We simply chose an Indian as the emblem. We could have just as easily chosen any uncivilized animal.
--Eighth-grade student writing
about his school's mascot in 1997
Lurking within the collective consciousness of white America lies an awareness that we live on stolen land. Other people lived here before we did.
But did we really "steal" it from them?
As Shannon Sullivan points out in her book Revealing Whiteness, most of the 500 or so pre-Columbian groups didn't think of the land as theirs in the first place:
From an Indian perspective, land is not a piece of property to be bought and sold. Native relationships with it generally are not ones of possession and ownership, but rather ones of identity and continuity of life. As an anonymous Indian Chief asks when the "good White Chief" in Washington sends word that he wishes to buy Indian lands, "How can one buy or sell the air, the warmth of the land? That is difficult for us to imagine. If we don't own the sweet air and the bubbling water, how can you buy it from us?"
Does thinking of the white conquest as a "settlement" of land that no one actually owned let white people off the hook, setting them free from the charge of collective racial theft?
Maybe a strained argument of that sort could be made in terms of land. In other ways, though, the charge of white theft from Indians is harder to dismiss.
So is the white community's training of its own children to become thieves.
What, for instance, are white children learning to steal from Indians when their parents hang "dream catchers" in their bedrooms?
Last summer I was attending a work-related training in Portland, at a fancy mountain resort. In the kitchen of the dinning room was a dream catcher. Two of the Indigenous people who were also attending the training were incensed by the presence of a dream catcher, especially when it was apparent that no Native people were even working at the resort. My two friends complained to the kitchen staff that the dream catcher had to come down, and they used the moment as a teaching opportunity to enlighten the white staff about the cultural appropriation of Native Spirituality. (Theryn Kigvamasud'Vashti, Community Organizer)
What are white children learning to steal from Indians when they go to see the Washington Redskins play, or the Cleveland Indians, or the Hooper Bay School Warriors, or the Grafton Elementary School Blackhawks, or the Tecumseh Middle School Savages, or any of the other thousands of teams that claim to "honor" Native Americans with such romanticized caricatures?
Dan Ninham, a member of the Oneida Nation... formed a multiethnic committee to oppose the Fightin' Reds mascot at Eaton High School--a caricature of a defiant Indian with a misshapen nose, eagle feather and loincloth. Ninham has called it "one of the most blatantly racist mascots in the country," but school officials have refused to meet with the committee to discuss concerns... The basketball team, made up of American Indians, Hispanics and Anglos, took the name Fightin' Whities as a jab at the nearby high school... Mascot protesters estimate that 3,000 high schools, colleges and professional sports teams use Native American nicknames and caricatures--including the Washington Redskins and Cleveland Indians, with their grinning Chief Wahoo mascot. (The Pluralism Project)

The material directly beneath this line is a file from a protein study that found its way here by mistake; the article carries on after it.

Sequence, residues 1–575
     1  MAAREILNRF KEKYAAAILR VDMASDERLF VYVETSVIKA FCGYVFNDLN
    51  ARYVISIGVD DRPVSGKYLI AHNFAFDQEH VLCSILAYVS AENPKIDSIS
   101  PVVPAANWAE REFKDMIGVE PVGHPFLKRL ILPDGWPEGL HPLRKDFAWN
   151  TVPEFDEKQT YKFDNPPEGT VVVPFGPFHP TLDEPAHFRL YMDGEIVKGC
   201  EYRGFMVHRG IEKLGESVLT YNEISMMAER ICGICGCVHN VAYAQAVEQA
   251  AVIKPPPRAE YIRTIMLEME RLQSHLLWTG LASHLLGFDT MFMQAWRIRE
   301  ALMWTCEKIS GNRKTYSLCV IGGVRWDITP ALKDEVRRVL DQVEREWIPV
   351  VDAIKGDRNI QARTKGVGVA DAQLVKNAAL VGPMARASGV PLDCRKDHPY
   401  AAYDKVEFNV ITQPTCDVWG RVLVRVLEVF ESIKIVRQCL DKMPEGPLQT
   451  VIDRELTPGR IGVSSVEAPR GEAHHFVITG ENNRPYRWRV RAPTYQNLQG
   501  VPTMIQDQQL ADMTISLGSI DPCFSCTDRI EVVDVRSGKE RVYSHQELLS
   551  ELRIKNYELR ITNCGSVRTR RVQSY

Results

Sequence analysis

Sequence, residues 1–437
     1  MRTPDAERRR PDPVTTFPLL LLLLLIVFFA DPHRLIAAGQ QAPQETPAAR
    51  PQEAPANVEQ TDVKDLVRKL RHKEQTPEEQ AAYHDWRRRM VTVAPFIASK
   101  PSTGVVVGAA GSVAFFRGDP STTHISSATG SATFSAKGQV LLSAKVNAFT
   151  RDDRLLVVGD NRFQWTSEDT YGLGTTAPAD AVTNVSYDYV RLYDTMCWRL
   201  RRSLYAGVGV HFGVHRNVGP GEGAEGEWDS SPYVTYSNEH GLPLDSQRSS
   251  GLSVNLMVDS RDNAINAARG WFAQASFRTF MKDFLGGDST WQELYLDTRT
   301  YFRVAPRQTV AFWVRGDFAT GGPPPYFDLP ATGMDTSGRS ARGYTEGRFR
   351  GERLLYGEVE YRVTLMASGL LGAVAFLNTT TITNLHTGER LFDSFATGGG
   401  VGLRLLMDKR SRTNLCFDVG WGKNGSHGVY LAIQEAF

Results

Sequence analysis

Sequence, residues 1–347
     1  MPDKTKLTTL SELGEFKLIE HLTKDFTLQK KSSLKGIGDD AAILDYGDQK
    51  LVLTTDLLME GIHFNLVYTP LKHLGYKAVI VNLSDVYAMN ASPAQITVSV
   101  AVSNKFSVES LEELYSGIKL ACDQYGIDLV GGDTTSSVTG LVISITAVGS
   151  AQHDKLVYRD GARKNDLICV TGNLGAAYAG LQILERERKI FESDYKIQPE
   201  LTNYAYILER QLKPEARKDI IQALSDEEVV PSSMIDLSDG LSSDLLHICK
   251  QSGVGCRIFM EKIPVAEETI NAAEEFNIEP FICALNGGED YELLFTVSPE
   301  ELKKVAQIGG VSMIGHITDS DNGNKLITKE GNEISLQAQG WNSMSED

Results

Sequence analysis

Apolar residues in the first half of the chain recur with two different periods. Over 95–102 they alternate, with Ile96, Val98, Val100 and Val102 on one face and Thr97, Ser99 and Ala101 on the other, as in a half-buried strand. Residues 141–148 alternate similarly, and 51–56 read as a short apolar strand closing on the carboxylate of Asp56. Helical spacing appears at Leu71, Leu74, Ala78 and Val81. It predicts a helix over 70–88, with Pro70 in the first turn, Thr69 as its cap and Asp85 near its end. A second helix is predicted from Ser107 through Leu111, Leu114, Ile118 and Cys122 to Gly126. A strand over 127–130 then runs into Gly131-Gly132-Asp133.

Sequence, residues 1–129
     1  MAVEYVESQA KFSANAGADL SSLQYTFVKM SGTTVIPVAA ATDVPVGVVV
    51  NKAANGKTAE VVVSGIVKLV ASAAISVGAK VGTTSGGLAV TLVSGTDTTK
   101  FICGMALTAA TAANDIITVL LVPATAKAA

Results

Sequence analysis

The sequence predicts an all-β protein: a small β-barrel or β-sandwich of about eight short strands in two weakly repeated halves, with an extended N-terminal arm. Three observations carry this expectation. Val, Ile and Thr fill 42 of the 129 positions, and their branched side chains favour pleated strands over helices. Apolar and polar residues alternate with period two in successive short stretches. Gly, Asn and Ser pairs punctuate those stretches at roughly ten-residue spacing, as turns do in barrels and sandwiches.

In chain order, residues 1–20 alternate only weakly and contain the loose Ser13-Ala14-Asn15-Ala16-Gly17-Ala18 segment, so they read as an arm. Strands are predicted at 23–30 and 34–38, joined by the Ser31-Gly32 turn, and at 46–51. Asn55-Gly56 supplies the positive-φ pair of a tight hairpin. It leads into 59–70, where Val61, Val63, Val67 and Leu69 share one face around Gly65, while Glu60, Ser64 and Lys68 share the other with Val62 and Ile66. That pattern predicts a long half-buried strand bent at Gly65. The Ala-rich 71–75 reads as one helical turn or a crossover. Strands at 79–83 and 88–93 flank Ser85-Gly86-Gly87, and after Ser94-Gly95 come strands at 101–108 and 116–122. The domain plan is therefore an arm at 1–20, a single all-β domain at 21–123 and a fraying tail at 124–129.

What are white children learning to steal from Indians when they take class trips to museums?
Today, rather than something wild to consciously set out to conquer, Native Americans--especially their religious traditions and rituals--tend to be unconsciously appropriated as exotic objects for Euro-American use, pleasure, and consumption. One flagrant example of this unconscious appropriation involves the "museumification" of Native American sacred objects. These objects include pipes, feathers, drums, and other items for use in religious ceremonies. They also include the skeletal remains of dead Native Americans who were removed from burial grounds for archaeological and scientific study.
Displaying these items in museums made it possible for mass numbers of Euro-Americans to learn more about Native American rituals and peoples, but it also prevented many tribes from practicing their religions due to the removal of irreplaceable sacred objects. Even worse, the placement of religious objects in museums was and is a sacrilege from a native American perspective since their artificial preservation prevented them from decay through use, which is seen as their natural end. . . . Beneath conscious attempts to help Native American cultures and peoples, unconscious habits of white privilege reasserted the white "right" to ownership of all things non-white. (Shannon Sullivan)
Children are not born white--they learn to become white. That means that they also learn how to think and act white. Much of this training process takes the form of learning what one is by learning what one is not.
As a white child learns about Indians, she learns that she is not an Indian. She also learns that since she is white, it's okay, and even a good thing, to steal from Indians.
(hat-tip to double consciousness for the FW logo)